Anemones may help Humans Hear Again

RCA_2798aEvery so often I come across a headline, based on press releases from academic institutions, that isn’t quite accurate.  So when I heard this new story and stumbled upon an older one, I had to take a closer look. MORE

Blue-Light Photo Taken with a Tripod Underwater

BAR-Good morning friends, last week I did my first underwater blue-light photo with a tripod and I know most of you are wondering why?? These rare, endangered Staghorns don’t glow as brightly under blue-light like the star corals or brain corals, making it almost impossible to get a shot with my normal camera and flashes. So I took out a heavy tripod weighted down with dive weights and just my camera in the housing (no flashes) and set it up underwater and did a 30 second exposure. During the 30 seconds (while the shutter is open) I’m painting the corals so to speak with two hand-held blue lights to achieve the desired brightness and depth of field you see above. If any of you are wanting to do this, make sure you have a super heavy tripod, avoid nights with surge or current and use your timer, I hope to get better at this down the road. The hardest thing I found to do was to carry out all the stuff needed for this shot by myself, next time I will get some help, that was not a pretty sight.  MORE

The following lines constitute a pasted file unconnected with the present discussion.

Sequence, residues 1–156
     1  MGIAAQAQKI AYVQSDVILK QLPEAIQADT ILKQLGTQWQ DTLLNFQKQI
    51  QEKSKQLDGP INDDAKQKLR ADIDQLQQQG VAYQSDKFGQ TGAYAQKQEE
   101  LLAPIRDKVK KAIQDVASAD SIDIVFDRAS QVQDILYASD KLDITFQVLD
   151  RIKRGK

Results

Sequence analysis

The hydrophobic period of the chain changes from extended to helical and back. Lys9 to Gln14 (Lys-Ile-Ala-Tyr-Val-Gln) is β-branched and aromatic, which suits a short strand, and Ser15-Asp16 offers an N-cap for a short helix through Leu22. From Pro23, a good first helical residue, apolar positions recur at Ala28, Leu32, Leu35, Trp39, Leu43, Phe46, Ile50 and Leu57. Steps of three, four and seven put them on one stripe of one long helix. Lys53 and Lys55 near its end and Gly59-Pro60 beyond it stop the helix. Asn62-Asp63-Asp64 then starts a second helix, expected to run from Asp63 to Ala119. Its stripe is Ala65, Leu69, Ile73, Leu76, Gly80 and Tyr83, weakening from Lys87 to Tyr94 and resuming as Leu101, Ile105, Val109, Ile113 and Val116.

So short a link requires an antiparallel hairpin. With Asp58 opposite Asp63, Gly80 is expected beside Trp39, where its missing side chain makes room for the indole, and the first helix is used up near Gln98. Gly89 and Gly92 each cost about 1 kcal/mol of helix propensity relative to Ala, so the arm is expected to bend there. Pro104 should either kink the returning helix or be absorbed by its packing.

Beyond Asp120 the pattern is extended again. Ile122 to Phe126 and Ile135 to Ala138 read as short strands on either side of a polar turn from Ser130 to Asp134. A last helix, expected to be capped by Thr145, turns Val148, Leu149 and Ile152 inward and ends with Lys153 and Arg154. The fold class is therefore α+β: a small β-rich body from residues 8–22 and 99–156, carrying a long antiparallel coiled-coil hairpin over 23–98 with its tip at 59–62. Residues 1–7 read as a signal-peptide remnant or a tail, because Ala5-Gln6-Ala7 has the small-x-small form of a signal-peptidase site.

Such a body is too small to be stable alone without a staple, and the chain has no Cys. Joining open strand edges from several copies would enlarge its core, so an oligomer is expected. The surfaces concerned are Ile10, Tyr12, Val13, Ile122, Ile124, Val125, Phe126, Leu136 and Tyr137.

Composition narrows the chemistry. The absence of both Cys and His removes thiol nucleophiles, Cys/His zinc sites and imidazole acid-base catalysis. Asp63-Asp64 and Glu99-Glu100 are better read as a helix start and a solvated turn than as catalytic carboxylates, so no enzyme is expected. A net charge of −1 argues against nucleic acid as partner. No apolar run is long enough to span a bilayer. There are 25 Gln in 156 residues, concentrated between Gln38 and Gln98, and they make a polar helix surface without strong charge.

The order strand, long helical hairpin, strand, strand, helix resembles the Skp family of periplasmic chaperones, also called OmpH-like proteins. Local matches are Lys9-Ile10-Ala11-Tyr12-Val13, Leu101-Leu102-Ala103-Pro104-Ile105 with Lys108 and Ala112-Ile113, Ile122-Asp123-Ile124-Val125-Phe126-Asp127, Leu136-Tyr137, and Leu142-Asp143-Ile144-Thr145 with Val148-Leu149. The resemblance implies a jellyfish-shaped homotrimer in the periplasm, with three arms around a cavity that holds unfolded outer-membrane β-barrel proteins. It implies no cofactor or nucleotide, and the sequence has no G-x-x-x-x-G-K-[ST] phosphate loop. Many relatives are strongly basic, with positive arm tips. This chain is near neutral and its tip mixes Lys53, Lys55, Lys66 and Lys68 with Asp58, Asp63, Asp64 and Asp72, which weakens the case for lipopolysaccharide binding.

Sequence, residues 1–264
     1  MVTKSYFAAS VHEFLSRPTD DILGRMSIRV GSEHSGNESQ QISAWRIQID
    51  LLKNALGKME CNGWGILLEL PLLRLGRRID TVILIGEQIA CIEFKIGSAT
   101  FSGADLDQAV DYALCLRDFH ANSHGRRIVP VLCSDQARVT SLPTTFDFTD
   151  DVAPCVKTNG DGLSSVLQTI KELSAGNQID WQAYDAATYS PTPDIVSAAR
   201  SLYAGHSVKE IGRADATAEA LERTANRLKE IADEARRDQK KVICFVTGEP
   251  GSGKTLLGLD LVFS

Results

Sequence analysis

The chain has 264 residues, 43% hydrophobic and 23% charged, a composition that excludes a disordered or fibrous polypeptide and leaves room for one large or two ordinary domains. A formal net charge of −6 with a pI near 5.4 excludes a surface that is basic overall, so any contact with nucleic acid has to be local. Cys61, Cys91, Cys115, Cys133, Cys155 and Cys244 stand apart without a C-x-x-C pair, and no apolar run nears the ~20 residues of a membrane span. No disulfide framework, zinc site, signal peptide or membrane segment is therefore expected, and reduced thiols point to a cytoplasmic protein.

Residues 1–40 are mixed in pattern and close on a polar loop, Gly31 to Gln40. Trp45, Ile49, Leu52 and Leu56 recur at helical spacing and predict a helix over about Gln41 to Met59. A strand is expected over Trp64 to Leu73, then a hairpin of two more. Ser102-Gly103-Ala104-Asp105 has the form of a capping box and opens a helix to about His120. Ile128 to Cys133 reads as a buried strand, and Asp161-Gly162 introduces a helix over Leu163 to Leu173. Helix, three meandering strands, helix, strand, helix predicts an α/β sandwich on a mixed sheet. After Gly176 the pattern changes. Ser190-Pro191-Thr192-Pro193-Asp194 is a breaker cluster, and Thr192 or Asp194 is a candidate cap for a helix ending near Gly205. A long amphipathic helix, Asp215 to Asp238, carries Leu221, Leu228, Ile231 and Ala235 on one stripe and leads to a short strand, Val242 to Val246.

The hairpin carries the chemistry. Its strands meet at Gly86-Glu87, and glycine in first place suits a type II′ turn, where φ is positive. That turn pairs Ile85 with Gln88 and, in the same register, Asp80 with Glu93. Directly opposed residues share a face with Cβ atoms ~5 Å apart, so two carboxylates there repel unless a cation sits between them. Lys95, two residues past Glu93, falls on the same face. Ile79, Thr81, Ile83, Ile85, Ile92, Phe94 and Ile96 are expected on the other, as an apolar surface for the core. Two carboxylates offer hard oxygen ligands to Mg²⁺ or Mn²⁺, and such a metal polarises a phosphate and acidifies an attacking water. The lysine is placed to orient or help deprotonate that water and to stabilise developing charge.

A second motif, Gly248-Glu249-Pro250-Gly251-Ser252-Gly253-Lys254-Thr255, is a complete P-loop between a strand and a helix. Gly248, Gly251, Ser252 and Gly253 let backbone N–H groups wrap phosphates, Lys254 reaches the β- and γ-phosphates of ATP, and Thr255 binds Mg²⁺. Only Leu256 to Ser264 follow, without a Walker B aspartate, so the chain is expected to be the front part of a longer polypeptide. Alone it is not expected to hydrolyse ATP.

A Masked Butter Hamlet Hybrid from Florida?

 

A mysterious Hypoplectrus form Florida.  Credit: Dynasty Marine

A mysterious Hypoplectrus form Florida. Credit: Dynasty Marine

 Hypoplectrus is diverse genus from the grouper family that has somewhere around 18 species. These fishes (known commonly as “hamlets”) are famous among evolutionary biologists for their complex evolutionary history, driven strongly by sexual selection. In a given region, there may be up to a dozen closely related species, all nearly indistinguishable in their genetics, that tend to breed only among their own kind. Hybrids are known, but they tend to be rather uncommon; however, the fish seen here, collected by Dynasty Marine back in February from near Marathon, Florida, may be one of these rare finds.MORE

The Deep Dive on Reef Aquarium Lighting, Part 1: Zooxanthellae, Color Temperature, and Light Intensity

LEDs continue to gain a loyal following as a capable reef lighting technology

 Lighting affects how we visually enjoy the hobby and, more importantly, the vast majority of the corals in our tanks are photosynthetic. In this two-part article, we will first cover some of the basics of the light itself and then discuss the various lighting technologies people use to light their reefs. Coral and zooxanthellae: Many coral have a symbiotic relationship between the coral animal and dinoflagellates called zooxanthellae. Zooxanthellae live in the tissue of the coral and, like algae, contain chlorophyll for photosynthesis. The byproducts of photosynthesis are things like simple sugars that the coral hosts can use as an energy source. It is for this reason that coral are often described to the layperson as having traits of both plants and animals. The color of zooxanthellae is varying degrees of brown. However, there are over 80 known varieties of zooxanthellae MORE